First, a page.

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OMICS Group International is an amalgamation of Open Access publications and worldwide international science conferences and events. Established in the year 2007 with the sole aim of making the information on Sciences and technology ‘Open Access’, OMICS Group publishes 400 online open access scholarly journals in all aspects of Science, Engineering, Management and Technology journals. OMICS Group has been instrumental in taking the knowledge on Science & technology to the doorsteps of ordinary men and women.
Research Scholars, Students, Libraries, Educational Institutions, Research centers and the industry are main stakeholders that benefitted greatly from this knowledge dissemination. OMICS Group also organizes 300 International conferences annually across the globe, where knowledge transfer takes place through debates, round table discussions, poster presentations, workshops, symposia and exhibitions.
OMICS Group International is a pioneer and leading science event organizer, which publishes around 400 open access journals and conducts over 300 Medical, Clinical, Engineering, Life Sciences, Pharma scientific conferences all over the globe annually with the support of more than 1000 scientific associations and 30,000 editorial board members and 3.5 million followers to its credit.
OMICS Group has organized 500 conferences, workshops and national symposiums across the major cities including San Francisco, Las Vegas, San Antonio, Omaha, Orlando, Raleigh, Santa Clara, Chicago, Philadelphia, Baltimore, United Kingdom, Valencia, Dubai, Beijing, Hyderabad, Bangalore and Mumbai.
Fatimah L.C. Jackson, Ph.D.
Professor of Biology
Director, W. Montague Cobb Research Laboratory
Washington, DC 20059
Jackson, F. 2004 Human genetic variation and health: Ethnogenetic layering as a way of detecting relevant population substructuring. British Medical Bulletin. 69:215-235. http://bmb.oxfordjournals.org/content/69/1/215.short
Jackson, F. 2006 Illuminating cancer health disparities using ethnogenetic layering (EL) and phenotype segregation network analysis (PSNA). J Cancer Education 21(1):69-79. http://ukpmc.ac.uk/abstract/MED/17020506
Jackson, FLC 2008 Ethnogenetic Layering (EL): An alternative to the traditional race model in human variation and health disparity studies. Annals of Human Biology Mar-Apr 35(2):121-144. http://informahealthcare.com/doi/pdf/10.1080/03014460801941752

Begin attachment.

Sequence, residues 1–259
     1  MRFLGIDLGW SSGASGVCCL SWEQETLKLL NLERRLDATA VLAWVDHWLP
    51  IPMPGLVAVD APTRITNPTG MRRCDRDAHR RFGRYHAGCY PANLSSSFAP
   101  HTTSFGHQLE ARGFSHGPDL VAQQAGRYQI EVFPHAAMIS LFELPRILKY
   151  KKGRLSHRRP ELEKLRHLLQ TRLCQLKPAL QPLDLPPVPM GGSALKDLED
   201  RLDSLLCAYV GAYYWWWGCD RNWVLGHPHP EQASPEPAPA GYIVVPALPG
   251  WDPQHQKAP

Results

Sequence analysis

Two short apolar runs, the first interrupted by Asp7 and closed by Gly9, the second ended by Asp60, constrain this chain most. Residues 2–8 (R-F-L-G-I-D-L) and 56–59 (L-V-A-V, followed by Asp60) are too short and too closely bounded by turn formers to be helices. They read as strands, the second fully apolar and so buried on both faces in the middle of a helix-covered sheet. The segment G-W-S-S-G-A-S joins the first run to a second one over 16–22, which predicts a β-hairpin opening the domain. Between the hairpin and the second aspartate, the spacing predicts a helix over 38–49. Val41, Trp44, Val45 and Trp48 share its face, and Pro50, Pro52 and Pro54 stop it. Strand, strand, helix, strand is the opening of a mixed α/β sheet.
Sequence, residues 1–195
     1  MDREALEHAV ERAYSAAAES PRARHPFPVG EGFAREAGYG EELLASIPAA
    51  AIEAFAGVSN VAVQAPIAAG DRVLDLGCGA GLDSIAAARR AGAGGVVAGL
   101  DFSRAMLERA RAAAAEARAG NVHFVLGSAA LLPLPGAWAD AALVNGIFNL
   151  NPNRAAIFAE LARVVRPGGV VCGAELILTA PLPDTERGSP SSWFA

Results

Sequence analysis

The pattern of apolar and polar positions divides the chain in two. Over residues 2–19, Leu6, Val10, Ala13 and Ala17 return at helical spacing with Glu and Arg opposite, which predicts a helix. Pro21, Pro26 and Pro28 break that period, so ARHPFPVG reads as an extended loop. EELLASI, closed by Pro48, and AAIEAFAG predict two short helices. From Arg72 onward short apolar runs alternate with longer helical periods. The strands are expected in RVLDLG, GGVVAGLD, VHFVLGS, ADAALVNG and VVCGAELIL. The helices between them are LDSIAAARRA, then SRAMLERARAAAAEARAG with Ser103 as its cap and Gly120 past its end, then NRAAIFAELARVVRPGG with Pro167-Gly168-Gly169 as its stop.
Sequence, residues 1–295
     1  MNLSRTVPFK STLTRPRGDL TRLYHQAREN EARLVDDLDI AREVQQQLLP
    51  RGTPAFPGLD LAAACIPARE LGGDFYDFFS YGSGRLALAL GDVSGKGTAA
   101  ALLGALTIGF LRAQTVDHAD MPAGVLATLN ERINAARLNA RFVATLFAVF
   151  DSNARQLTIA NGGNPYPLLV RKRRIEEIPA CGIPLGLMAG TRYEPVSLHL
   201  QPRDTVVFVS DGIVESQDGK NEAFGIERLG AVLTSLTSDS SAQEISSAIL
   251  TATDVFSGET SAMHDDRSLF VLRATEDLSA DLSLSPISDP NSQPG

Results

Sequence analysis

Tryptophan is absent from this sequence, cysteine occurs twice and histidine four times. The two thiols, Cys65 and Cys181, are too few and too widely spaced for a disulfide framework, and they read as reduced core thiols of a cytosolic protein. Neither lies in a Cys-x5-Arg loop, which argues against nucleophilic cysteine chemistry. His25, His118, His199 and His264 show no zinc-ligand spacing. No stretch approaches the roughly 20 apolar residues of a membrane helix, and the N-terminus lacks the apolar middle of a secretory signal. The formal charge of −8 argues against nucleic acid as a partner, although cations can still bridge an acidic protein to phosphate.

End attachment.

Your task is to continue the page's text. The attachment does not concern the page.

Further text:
Jackson, FLC 2003 Ethnogenetic Layering: A Novel Approach to Determining Environmental Health Risk Potentials Among Children from Three US Regions. Journal of Children's Health, 1(3):369-386. http://informahealthcare.com/doi/abs/10.3109/15417060390254355
Environmental variables group 2:
Environmental variables group 1: abiotic factors
Environmental variables group 3:
social and cultural factors
Phenotypic expression patterns
These factors provide additional sources of variation to the expressed genotype (the phenotype) and modify the coded genotypic message. While these factors are not genetic, they can behave in ways that influence gene expression over generations.
Abiotic Environmental Filters
Biotic Environmental Filters
Redrawn from Jackson 2004 Br. Med. Bull. 69:215-235
CKD-Associated Phenotypes for PSNA
Identification of MEGs using EL
Quantify the environmental and ancestral genetic variables for each MEG
Determine the networks of MEGs interrelationships
Identify chronic complex disease phenotypes of interest
Determine phenotype correlations, take top 5%
Assess of phenotypes in MEGs of interest
Link paired correlated phenotypes to MEGs
Identify the specific MEGs with significantly correlated disease phenotypes
Investigate the likely underlying causes of specific chronic disease associated phenotypic correlations by environmental and ancestral genetic variables
PSNA should prove useful in a number of applications in the identification of risk factors in complex chronic diseases. For example, these include:
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